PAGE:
How Turing.jl compares to PyMC3?

Hello :slight_smile:

I’ve recently crossed my path with a Julia evangelist that directed my attention to the probabilistic programming library Turing.

After a quick skim through the documentation I’ve noticed that is very similar to PyMC3 in terms of syntax (with slightly less boilerplate code). I was therefore wondering if anyone had experience with it and could provide insights on the main differences with PyMC3.

In particular wrt the speed of sampling since it seems to be one of the major advantages that Julia has over Python.


My main problems when I try to use Turing.jl are the small community and Turing’s reliance on Distributions.jl, which lacks convenient parametrizations for lots of distributions. The main advantage for me of Turing was being able to use Julia, which is a language that was designed from the ground up as a statistical language, rather than an object-oriented language that later got data science packages bolted onto it. Turing also samples a little bit faster, but loading packages takes so long in Julia that it may not be worth it until the language is a bit older and the time-to-first-plot issue has been worked on some more.


I’ve played a bit with Turing.jl and thought it was a pretty neat language. What I liked about it was that it seemed to have native support for truncated distributions, via the truncated() function, and also that you can use loops to specify your model without fear of slowing down the model considerably.
In practice, it turned out that I stumbled on a bug trying to fit a Zero-Truncated Poisson. The community (on slack) was, however, quite amazing and within a day there was a PR to fix some of the problems I faced.
I wouldn’t write it off, even with the time-to-first-plot problem. I’m currently experimenting with PyMC3, Stan and Turing.jl so I can’t say I’m experienced in any of them.

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I haven’t used Julia much, and can’t speak about speed comparisons at all, I’m also not very interested in speed comparisons between libraries. But I want to note that at ArviZ we are also working on interopreability. It is already possible to run inference in Turing save as netcdf and ananlyze in python, or the other way around if someone wanted to do that.

And that is not all, thanks to the already amazing ArviZ-PyMC3 integration, you can run inference with Turing, Stan or whatever and then use PyMC3 to sample from the posterior predictive using posterior samples from an arbitrary inferencedata, you only need variable names to match between inferencedata and pymc3 model.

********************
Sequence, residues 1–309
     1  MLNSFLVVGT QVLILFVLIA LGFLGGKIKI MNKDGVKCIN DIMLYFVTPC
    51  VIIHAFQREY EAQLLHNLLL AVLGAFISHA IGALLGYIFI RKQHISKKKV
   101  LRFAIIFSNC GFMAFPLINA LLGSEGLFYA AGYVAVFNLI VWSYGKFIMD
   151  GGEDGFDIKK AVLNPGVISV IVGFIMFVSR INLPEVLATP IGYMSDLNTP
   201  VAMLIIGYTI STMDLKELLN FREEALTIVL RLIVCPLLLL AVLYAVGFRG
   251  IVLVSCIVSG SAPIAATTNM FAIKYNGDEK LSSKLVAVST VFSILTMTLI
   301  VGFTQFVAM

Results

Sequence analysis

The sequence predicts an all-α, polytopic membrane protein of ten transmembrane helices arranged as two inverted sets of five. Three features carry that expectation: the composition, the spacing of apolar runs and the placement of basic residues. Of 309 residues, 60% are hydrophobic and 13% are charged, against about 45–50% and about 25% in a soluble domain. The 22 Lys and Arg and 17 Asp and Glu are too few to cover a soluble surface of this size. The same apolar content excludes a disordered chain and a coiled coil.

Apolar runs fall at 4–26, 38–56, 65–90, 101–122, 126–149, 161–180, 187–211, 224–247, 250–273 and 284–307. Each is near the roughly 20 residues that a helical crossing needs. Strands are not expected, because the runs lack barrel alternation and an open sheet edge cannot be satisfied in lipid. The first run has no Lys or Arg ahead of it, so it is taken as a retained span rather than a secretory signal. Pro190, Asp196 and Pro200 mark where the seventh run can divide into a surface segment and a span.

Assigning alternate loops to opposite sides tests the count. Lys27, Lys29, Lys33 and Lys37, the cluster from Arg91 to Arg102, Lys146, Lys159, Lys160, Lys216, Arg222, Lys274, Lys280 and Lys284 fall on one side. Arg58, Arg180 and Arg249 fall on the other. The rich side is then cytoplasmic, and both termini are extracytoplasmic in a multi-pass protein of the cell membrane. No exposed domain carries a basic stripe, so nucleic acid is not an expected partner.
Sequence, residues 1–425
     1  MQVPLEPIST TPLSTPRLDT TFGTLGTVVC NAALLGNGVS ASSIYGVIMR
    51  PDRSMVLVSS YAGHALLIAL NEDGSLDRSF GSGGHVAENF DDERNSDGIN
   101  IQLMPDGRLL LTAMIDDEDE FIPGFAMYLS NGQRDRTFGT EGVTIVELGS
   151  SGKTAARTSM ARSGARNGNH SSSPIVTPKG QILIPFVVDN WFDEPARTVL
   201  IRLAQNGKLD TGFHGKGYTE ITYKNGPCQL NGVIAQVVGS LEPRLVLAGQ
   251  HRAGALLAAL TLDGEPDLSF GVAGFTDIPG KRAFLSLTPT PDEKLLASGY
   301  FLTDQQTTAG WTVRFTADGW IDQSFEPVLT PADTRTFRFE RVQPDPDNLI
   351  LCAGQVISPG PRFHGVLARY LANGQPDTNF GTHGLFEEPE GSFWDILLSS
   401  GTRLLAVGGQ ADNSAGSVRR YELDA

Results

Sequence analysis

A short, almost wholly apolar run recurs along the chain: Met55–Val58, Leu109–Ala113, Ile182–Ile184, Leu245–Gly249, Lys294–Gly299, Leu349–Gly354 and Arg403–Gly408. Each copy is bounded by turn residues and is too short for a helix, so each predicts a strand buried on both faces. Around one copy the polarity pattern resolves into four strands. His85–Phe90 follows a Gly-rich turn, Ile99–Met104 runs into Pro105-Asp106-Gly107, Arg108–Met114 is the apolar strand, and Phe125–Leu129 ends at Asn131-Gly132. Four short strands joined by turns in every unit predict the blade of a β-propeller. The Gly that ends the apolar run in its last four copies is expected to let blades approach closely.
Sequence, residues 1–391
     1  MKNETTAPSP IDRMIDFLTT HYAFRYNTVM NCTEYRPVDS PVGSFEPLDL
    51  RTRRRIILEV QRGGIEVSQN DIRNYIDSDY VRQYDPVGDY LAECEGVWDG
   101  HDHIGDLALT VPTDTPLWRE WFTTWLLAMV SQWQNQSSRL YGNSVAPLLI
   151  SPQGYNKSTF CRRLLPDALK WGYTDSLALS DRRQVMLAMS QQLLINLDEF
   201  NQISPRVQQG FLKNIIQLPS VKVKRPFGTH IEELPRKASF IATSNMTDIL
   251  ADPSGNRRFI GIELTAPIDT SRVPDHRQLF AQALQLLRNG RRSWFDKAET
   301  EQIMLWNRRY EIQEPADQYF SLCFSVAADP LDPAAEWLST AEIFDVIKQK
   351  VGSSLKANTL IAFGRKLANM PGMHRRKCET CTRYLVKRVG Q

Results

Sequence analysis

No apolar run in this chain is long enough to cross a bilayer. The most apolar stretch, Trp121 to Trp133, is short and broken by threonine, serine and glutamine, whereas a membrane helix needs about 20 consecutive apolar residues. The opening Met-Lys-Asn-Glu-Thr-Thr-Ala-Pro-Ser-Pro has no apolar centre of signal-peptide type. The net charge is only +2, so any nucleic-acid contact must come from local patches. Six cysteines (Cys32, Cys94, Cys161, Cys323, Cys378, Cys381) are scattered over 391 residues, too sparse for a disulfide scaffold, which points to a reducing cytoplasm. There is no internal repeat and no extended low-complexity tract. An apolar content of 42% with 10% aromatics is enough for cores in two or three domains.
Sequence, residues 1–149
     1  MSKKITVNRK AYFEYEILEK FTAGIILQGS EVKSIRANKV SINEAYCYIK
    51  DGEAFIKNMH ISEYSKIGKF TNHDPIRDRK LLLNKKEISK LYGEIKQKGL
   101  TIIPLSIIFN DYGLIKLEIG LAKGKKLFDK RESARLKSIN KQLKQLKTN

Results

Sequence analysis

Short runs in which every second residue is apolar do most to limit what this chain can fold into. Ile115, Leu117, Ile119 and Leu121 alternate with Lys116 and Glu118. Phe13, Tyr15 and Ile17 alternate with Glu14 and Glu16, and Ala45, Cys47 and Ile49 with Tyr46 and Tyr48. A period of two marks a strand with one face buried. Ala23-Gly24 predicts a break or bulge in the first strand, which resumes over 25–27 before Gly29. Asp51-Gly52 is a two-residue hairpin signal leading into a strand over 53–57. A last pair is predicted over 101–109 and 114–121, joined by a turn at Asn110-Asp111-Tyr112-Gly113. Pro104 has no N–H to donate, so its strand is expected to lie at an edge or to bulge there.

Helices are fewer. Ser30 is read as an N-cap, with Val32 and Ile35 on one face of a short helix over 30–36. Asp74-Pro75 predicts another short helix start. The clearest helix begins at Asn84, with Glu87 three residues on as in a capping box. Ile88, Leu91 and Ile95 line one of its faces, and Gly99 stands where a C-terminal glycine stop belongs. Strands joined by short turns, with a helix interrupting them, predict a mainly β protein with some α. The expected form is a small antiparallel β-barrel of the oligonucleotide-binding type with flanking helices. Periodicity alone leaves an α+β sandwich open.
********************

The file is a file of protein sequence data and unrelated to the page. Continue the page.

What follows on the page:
I also want to note the ability to use named dimensions to specify pymc3 models (which will be even more flexible in v4) which is something no other PPL allows as far as I know. For me it’s a huge pro as it helps in me writing the model for the first time, me explaining my model to other people and me understanding other people models or even my own model after some months/years.


Thank you everyone for the insightful answers.

I wanted to evaluate myself potential differences in the speed of sampling and I found Turing.jl being noticeably faster than PyMC3 (although it took me ~10 minutes to write the code in PyMC3 vs the 1 hour of heavy googling required for Turing.jl)

Here a GitHub repository with code and results.

The experiment is still in WIP and the results should be interpreted with a grain of salt since I a PyMC3 noob and I never woked with Turing before.

If anyone can spot problems with the methodology and want to share them it would be greatly appreciated.

One thing you might want to compare is the effective sample size ESS. It could be that one of the libraries is giving you more information per sample which could decrease or increase the performance gap you are hinting at.

In any case, I wouldn’t be surprised if pymc3 is comparatively slower

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One important thing to test is to use models at very different scales: toy-scale, small real world problem (<100 params) and something huge (e.g. thousands of params, including hierarchical and strange topologies).

For example, when we tried to use Tensorflow Probability for a work project, the GPU-accelerated NUTS worked very well on a toy problem. However, we could never get it to work with our actual problem (due to the recusion-unwinding that tried to allocate terabytes of memory) while PyMC3 could work through a small chain in about a day for that model. The scale there was 10^4 to 10^5 parameters & data points, in a panel.

I’m unsure what dataset & model would make sense to use, though.